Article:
Former California state government worker Thomas Villalobos, 66, who is currently unemployed, never thought he’d be nearing retirement and still paying off his student loan. But that’s exactly what has happened to him.
Villalobos, of Loma Rica, Calif., borrowed $12,000 to attend law school back in 1976. Since then, he has sometimes had to defer the loan payments due to a cash shortage, adding interest to the principal. Villalobos figures he’s paid $31,000 in interest over the years and the loan’s balance is right back where it started: $12,000.
Villalobos is looking for work so he can continue making the $160 monthly payments until he’s eventually free and clear. He’s also facing the prospect of watching his 15-year-old son take on student loans when he graduates from high school. “This is no way to educate American students,” Villalobos says. “It’s all about money, not education.”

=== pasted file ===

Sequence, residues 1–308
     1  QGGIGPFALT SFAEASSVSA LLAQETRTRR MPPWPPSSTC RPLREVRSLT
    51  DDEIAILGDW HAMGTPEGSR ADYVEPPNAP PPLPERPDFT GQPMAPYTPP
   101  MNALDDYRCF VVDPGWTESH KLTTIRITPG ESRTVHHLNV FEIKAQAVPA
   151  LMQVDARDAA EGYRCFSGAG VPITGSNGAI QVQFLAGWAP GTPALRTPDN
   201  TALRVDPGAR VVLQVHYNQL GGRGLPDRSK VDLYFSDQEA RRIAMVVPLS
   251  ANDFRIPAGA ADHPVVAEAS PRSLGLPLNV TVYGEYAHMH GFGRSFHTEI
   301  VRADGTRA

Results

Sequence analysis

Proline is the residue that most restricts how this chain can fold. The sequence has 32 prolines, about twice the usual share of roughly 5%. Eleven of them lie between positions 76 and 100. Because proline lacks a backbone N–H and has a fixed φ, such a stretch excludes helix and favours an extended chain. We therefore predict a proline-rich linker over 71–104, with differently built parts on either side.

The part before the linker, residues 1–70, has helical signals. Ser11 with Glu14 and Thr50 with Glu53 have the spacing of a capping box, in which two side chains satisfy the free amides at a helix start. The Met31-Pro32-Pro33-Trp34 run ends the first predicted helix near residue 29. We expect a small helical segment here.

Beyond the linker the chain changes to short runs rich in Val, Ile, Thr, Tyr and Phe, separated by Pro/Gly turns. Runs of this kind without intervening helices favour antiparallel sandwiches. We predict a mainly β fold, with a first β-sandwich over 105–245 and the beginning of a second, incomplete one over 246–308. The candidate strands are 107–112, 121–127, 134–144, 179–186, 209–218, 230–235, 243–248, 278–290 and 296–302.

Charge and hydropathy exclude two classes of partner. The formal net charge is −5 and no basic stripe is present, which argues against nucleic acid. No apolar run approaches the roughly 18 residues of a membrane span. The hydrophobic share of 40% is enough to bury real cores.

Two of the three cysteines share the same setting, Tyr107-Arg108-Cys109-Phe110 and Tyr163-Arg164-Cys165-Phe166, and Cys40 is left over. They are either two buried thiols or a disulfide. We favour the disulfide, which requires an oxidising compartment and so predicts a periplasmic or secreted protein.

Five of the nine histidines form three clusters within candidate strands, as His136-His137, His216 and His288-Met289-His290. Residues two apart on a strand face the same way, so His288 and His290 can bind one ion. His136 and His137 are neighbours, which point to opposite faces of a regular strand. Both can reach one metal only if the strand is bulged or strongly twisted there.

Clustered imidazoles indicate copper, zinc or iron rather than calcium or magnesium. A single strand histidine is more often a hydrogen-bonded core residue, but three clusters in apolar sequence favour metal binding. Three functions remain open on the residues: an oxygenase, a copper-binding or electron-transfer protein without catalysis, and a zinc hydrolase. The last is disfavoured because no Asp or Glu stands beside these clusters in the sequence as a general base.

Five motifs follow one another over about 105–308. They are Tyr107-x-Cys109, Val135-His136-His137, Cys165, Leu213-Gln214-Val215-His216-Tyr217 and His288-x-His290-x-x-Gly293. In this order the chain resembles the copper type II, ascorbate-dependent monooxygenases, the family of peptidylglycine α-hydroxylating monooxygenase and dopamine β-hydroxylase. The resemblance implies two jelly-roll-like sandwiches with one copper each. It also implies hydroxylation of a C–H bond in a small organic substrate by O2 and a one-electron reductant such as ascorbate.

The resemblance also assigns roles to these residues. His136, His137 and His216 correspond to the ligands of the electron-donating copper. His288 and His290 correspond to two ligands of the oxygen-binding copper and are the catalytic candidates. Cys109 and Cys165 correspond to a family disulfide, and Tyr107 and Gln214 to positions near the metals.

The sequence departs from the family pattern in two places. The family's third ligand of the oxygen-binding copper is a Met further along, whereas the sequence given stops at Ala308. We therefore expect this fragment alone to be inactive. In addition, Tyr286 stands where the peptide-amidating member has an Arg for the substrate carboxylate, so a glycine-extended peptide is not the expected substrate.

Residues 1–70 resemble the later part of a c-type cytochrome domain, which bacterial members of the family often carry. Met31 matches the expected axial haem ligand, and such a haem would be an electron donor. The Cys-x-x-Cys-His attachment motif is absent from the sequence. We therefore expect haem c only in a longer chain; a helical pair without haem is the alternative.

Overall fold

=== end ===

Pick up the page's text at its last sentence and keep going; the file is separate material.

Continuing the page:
While much attention has been given recently to the increasingly heavy toll that student-loan debt is exacting on young Americans, there has been less acknowledgment of the gnawing financial threat it represents for boomer retirement.